Good idea. If I can get her to do that, I think she might be smarter than that.

    I've been doing all communication over email to leave no room to chance.
  • langenoirlangenoir Member Posts: 82 ■■■□□□□□□□
    LionelTeo wrote: »
    Like others do, its best to get lawyer advise if you want the nitty detail. But unless your gf has signed a form as a formal agreement. It's against the law/ invasion of privacy to access another person emails/social account without any formal agreement.

    Title 18, 2510 et seq: Wire and Electronic Communications Interceptions
    - Prohibits unauthorized interception of electronic communication.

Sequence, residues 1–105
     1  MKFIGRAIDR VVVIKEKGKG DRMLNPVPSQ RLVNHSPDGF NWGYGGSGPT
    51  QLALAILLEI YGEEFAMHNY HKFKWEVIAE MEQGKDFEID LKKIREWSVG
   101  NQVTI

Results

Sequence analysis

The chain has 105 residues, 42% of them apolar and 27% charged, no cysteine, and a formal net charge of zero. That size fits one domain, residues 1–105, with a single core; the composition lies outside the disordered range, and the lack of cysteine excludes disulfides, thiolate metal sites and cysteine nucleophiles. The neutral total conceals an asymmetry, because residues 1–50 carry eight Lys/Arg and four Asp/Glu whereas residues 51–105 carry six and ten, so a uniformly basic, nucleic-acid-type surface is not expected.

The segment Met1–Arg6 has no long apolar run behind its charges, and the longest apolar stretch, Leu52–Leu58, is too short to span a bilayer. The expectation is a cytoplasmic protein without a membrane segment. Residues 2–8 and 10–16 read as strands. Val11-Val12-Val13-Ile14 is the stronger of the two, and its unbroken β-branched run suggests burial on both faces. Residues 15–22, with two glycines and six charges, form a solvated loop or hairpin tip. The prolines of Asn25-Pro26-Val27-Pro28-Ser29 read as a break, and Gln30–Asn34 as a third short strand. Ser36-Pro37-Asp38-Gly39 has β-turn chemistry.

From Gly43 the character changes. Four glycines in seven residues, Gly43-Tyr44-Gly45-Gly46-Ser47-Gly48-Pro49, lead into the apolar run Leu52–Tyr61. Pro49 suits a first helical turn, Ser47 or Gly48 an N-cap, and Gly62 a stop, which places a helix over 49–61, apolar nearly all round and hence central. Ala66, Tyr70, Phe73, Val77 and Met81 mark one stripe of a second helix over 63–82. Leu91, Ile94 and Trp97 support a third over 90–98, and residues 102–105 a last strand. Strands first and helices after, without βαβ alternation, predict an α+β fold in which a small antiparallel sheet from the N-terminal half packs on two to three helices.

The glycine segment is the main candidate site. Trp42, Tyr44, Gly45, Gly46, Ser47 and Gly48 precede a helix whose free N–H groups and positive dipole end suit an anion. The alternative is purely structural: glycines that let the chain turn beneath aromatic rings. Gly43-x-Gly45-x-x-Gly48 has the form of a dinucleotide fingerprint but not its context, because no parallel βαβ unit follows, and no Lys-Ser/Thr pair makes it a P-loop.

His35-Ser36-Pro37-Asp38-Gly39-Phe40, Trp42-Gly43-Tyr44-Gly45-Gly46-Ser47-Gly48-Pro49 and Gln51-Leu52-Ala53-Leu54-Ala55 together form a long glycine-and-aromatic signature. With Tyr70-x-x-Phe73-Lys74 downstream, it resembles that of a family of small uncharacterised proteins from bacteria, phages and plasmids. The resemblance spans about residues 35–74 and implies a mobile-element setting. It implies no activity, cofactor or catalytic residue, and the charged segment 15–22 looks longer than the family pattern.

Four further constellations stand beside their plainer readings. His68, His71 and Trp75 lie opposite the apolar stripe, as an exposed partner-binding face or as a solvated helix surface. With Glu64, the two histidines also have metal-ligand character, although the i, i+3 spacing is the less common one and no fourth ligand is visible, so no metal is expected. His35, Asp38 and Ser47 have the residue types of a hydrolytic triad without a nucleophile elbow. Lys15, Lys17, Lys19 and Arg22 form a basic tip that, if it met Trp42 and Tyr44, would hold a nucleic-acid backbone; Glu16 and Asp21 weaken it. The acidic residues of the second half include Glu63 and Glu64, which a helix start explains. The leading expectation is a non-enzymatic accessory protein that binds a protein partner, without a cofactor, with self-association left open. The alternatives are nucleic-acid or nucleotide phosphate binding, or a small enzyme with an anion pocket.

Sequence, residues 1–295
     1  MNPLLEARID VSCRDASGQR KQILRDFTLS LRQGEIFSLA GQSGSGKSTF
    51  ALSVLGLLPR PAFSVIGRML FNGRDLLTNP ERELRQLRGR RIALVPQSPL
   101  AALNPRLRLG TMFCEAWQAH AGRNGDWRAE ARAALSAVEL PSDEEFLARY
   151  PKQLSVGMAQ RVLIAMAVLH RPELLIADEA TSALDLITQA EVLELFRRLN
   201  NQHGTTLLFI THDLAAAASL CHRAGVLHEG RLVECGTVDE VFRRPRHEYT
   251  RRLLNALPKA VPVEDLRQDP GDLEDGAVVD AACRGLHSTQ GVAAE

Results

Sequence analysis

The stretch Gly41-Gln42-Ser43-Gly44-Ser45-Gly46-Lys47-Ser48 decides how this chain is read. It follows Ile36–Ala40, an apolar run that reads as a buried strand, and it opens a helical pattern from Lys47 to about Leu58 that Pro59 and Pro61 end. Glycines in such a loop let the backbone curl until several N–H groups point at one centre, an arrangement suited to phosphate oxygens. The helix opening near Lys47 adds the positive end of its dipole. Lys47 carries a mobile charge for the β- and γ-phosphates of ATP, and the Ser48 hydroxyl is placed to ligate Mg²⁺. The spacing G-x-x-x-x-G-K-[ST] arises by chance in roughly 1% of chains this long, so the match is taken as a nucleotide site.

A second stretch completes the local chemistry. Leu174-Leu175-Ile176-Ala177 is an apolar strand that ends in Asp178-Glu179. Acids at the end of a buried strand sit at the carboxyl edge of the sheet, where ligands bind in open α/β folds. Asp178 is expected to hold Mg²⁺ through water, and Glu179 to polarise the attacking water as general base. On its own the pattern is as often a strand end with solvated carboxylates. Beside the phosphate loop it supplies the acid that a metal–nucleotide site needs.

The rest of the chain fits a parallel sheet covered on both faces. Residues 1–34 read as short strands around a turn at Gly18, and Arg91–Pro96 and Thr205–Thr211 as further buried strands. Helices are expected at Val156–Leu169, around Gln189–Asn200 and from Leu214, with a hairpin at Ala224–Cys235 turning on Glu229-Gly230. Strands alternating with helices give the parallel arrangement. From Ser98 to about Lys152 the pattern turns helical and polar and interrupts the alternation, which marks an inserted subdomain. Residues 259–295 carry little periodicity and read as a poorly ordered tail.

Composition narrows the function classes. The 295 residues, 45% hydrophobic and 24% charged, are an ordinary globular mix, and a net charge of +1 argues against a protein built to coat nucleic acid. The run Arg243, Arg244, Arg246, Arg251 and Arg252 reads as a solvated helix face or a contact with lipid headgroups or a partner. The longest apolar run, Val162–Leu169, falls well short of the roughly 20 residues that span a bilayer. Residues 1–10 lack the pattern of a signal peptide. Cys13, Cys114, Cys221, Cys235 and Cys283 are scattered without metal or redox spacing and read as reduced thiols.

Title 18 2710 et seq: Stored wire and Electronic Communications and Transactional Records Access
    - Prohibits access to stored information without permission of owner, exceptions for service provider and intended recipient.

    Do take note that the above laws only apply to US only, you had to double check your own state/country law for similar stuff above. And also when it comes to legal advice, the best answer would always be to contact the lawyer. But your gf should be most likely be able to leave without worries, but having a lawyer point of contact would be best in case anything happens.

    Oh that's great thanks LionelTeo and my GF said thank you as well. She's being a nervous wreck. We're in the US, btw, NYC.
  • ousebgousebg Member Posts: 5 ■□□□□□□□□□
    1. If your GF used the email address for business transactions, the lawyer boss has a right to that address.